The result was good and well-timed, but obviously not so acoustically perfect compared to when done in my pro-studio, so I had to let my client know that I did the recording at the hospital and if she needed me to re-record I could do it again at my studio in a couple of days. She asked if I was visiting a sick family member or if I was sick… she was so surprised (and I think impressed) to learn that I still did the recording even after my operation. “When you work for yourself, you do the best you can for your client.”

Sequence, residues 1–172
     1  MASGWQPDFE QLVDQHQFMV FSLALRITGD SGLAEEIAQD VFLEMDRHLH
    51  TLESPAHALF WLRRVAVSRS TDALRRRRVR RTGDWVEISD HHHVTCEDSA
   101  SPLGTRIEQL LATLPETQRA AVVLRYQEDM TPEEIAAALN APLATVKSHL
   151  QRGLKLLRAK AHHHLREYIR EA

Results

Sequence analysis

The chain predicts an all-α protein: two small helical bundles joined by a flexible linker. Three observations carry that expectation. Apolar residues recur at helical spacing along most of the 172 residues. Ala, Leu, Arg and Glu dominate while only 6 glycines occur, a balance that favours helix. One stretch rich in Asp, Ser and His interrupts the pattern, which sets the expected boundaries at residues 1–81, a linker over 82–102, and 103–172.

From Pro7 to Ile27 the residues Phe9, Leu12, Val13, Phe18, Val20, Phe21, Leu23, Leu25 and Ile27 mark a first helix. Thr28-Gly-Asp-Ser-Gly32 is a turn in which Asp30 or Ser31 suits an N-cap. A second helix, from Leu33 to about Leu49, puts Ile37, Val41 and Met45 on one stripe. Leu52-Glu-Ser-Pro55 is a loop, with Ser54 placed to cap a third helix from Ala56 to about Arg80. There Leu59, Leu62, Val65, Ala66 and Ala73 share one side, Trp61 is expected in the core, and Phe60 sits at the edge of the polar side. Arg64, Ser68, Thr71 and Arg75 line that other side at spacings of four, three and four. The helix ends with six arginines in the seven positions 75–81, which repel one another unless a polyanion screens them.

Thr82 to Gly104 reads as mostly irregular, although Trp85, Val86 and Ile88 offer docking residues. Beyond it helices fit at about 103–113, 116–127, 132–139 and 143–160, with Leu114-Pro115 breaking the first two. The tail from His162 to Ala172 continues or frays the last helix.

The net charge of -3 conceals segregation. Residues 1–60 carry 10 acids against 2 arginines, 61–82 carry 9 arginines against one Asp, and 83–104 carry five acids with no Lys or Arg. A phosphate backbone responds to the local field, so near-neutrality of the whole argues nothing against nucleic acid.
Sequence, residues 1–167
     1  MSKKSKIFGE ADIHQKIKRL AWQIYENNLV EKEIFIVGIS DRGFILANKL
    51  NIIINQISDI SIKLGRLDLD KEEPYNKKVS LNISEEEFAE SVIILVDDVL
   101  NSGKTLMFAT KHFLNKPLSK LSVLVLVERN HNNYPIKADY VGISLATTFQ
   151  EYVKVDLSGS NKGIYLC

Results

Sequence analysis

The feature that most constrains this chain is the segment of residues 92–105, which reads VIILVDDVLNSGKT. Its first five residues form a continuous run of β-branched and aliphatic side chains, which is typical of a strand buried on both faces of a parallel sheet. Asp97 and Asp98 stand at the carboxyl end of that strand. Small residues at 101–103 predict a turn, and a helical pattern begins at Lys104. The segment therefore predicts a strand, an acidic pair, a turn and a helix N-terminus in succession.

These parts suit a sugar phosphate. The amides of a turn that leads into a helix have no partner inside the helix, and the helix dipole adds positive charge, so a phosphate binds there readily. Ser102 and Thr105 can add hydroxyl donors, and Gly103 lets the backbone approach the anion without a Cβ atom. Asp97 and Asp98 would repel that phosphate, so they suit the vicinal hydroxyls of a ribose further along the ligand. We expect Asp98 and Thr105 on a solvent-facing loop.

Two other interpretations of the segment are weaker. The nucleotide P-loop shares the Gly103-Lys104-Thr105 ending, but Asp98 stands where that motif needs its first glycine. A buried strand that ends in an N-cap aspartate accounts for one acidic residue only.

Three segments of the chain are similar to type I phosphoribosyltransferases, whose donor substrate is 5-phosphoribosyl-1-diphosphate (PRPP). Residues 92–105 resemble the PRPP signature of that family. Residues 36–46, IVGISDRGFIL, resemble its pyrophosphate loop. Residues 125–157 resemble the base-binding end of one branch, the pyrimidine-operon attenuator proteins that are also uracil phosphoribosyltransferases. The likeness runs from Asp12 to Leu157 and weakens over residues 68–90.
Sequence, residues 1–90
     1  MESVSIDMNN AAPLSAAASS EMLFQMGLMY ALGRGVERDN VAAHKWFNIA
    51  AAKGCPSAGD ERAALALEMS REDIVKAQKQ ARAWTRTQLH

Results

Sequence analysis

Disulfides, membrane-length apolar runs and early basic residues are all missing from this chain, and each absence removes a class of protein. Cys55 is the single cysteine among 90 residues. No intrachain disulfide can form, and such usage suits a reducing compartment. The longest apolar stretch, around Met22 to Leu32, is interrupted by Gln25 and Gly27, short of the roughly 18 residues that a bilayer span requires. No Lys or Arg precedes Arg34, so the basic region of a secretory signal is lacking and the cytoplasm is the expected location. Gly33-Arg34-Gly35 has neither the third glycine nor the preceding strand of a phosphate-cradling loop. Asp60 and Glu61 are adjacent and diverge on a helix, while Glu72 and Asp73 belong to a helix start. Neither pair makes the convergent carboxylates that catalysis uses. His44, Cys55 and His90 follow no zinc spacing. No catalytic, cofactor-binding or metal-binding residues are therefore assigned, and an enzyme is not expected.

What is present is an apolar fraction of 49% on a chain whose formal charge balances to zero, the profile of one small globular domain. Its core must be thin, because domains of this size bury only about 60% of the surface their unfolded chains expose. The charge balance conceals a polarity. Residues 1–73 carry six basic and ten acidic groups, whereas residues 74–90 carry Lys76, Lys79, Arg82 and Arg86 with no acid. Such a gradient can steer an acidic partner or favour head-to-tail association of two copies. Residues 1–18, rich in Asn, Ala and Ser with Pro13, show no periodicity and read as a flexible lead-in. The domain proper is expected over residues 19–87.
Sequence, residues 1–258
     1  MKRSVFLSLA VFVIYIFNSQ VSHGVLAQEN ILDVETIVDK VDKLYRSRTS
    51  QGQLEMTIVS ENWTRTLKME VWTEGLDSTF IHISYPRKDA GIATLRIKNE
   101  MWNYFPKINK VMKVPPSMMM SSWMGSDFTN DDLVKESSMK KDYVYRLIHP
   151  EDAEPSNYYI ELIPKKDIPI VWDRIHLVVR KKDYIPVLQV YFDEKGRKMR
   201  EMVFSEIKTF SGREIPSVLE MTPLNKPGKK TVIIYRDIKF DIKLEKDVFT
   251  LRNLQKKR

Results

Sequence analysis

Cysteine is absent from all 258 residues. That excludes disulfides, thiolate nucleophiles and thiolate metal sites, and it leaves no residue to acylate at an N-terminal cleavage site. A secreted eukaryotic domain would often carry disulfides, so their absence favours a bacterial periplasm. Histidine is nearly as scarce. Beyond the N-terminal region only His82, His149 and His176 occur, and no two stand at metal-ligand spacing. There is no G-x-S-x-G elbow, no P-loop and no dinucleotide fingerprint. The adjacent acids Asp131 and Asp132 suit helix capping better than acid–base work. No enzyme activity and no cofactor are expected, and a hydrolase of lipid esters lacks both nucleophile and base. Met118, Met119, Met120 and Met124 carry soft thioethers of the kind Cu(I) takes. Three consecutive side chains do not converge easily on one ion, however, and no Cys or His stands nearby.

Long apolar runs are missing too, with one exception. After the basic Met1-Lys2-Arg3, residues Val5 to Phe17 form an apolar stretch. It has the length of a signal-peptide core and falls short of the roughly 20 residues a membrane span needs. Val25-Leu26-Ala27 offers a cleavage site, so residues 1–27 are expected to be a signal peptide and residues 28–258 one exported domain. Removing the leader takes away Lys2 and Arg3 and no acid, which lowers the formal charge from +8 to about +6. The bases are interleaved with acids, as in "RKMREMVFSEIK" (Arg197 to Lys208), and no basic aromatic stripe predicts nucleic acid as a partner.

Two days later, it was great to learn that there was no need for me to re-record… the client approved and was very happy!
There are plenty more stories like these… of voiceover talents who would press the pause button on almost anything that is happening to get the job done. They are the Super Voiceover Artists who have so much passion and love for their work that they will skip, jump and leap bounds.
We ask you the same… where have you taken your mic lately? Share with us your story and let the mic travel on…